(4) The number of lyrically acclaimed rappers — in their prime — who rapped over their beats, and/or the subsequent “classic” songs created over the last 30 years. This is of particular importance for two reasons. First, it serves as proof as a particular beatmaker’s automatic place in the canon of hip hop/rap music. Second, it demonstrates the popularity and respect of a beatmaker among the best rhymers of their and other times.


(5) Real, not misperceived, impact and influence on other top beatmakers
of all time. Everybody has to be influenced by someone. But who influenced most of the beatmakers on the BeatTips Top 30 Beatmakers of All-Time list? Not surprisingly, many influenced each other.


(6) Real, not misperceived, overall impact (or likely impact) on the beatmaking tradition. In other words, what was their recognizable impact on the beatmaking tradition itself? For instance, what developments, styles, techniques, ideas, etc. did they contribute to the beatmaking tradition?


(7) Longevity. How long was a beatmaker able to maintain his career. For various reasons, some beatmaker’s careers were cut short, while others have continued to blossom since they first began. Thus, longevity wasn’t measured in a sheer number of years, but in terms of body of work within the frame of time a beatmaker made his name. Think of it this way: Jimi Hendrix’s entire body of work is just four years…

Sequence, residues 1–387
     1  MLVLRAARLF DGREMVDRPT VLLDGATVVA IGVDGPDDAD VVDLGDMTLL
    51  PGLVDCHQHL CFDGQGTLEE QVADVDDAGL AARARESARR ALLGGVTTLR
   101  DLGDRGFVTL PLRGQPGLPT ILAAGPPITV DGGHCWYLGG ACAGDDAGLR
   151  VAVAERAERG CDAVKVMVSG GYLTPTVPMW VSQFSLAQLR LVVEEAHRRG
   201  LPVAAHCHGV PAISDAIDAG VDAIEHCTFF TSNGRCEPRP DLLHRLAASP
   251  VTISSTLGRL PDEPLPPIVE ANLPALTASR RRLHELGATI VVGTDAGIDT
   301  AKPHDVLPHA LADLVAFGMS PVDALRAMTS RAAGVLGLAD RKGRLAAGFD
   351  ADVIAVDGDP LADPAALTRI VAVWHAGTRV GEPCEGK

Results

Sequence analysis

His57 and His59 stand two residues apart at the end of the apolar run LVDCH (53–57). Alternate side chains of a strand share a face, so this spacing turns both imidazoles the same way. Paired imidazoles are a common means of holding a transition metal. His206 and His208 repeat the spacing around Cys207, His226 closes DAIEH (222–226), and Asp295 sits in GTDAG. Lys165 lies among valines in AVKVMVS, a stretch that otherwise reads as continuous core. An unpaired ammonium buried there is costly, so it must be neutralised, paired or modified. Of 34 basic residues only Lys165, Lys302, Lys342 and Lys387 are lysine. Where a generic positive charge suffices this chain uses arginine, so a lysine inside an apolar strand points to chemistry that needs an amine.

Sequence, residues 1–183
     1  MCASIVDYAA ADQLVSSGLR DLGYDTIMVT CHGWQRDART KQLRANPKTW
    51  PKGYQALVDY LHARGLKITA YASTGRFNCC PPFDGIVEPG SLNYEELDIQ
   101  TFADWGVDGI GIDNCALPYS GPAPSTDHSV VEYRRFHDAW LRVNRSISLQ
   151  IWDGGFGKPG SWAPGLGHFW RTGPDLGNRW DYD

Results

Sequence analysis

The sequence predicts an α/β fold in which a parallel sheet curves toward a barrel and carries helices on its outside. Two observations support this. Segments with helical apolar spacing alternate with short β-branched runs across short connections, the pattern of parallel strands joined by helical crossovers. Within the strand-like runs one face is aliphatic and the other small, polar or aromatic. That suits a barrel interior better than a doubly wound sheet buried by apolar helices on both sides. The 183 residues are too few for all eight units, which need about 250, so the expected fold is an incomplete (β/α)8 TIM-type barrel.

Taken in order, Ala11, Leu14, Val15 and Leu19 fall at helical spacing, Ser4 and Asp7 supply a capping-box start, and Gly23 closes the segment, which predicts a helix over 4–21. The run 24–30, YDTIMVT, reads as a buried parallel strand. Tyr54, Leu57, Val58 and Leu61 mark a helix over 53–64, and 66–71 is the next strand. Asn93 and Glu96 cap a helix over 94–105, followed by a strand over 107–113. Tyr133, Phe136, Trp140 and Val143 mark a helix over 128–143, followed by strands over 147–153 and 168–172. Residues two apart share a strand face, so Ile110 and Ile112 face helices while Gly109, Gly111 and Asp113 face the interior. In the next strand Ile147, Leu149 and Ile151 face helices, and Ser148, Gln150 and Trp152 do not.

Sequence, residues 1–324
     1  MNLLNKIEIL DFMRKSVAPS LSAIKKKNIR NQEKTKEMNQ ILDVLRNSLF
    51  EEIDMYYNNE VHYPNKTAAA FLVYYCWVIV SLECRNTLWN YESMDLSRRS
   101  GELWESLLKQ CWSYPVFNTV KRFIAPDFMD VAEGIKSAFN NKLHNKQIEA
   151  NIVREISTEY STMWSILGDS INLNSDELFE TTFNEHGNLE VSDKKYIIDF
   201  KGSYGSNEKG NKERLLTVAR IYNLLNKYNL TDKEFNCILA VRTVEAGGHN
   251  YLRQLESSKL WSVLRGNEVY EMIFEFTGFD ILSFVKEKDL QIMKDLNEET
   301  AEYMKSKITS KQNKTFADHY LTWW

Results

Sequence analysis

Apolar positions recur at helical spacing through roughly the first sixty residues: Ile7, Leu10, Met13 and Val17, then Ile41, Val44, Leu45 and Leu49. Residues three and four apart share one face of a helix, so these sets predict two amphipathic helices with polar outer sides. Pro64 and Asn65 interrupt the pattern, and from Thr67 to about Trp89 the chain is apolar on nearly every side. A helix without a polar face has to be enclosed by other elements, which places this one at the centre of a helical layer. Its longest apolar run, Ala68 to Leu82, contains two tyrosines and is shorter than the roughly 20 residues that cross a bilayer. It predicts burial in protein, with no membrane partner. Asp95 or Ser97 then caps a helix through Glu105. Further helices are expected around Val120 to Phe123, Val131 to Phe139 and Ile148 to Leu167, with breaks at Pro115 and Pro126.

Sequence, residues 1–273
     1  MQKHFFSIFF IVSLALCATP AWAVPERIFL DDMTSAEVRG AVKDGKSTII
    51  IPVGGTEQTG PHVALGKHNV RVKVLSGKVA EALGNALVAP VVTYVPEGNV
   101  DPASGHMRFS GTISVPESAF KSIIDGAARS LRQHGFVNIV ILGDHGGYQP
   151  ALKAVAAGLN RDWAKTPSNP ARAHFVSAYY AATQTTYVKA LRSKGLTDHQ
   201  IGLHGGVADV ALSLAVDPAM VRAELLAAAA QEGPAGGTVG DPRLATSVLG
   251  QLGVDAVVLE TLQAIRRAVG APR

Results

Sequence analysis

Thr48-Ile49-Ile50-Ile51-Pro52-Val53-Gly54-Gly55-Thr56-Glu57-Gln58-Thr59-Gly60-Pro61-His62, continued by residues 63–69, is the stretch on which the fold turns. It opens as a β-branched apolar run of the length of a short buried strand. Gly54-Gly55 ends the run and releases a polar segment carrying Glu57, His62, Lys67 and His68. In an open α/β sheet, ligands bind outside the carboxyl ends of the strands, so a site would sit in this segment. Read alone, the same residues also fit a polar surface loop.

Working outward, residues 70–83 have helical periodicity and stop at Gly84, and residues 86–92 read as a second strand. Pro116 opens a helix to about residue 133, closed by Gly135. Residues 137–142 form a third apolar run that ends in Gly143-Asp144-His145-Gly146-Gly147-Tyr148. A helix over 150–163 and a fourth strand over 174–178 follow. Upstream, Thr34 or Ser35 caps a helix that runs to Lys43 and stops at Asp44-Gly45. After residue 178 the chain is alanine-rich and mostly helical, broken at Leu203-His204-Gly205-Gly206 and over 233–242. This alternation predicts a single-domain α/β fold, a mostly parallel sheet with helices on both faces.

(8) Projected influence and impact on future beatmakers. Of course, this is speculation at best. No one can predict the future. Still, we can recognize the lasting contributions made to the beatmaking tradition by certain beatmakers.


One final note about this list: It’s not static. That is to say, the beatmaking tradition is constantly expanding, therefore, this list will necessarily need to be adjusted to account for new production output by beatmakers, as well as new research by myself. Thus, each new year, in September, a new BeatTips Top 30 Beatmakers of All-Time list will be generated.


Click here to see the breakdown for #4 on the BeatTips Top 30 Beatmakers of All Time list. Note: Each day in September, one number from the top 30 will be revealed, continuing from #30 all the way to #1.


---
The BeatTips Manual by Amir Said (Sa'id).
"The most trusted name in beatmaking."

September 26, 2014

BeatTips Top 30 Beatmakers of All Time: #5

A "Top" Beatmakers List with a Deeper Meaning and Purpose

By AMIR SAID (SA'ID)

NOTE: If you've already read the disclaimer about the nature of the BeatTips Top 30 Beatmakers of All Time, jump to the bottom for the link to the corresponding list number.

Whenever lists of this sort appear, they’re generally presented with little or no serious discussion about the list beforehand. Perhaps that’s fine for pure entertainment purposes. But for readers to get the best learning experience from a review list of this kind, I believe there are a number of things that readers should know up front. Thus, I’d like to offer an important disclaimer about the nature of the BeatTips Top 30 Beatmakers of All Time list and the criteria used to determine which beatmakers were added.


The Nature of this List

The BeatTips Top 30 Beatmakers of All Time list is one of the first sub-projects of the BeatTips Art of Beatmaking Education Project (ABEP) that I recently started. The fundamental purpose of the BeatTips ABEP is to help preserve, promote, and expand the beatmaking tradition of hip hop/rap music through a series of specialized projects. In this way, the BeatTips Top 30 Beatmakers of All Time list is meant to serve as a discussion, MusicStudy, and general research portal.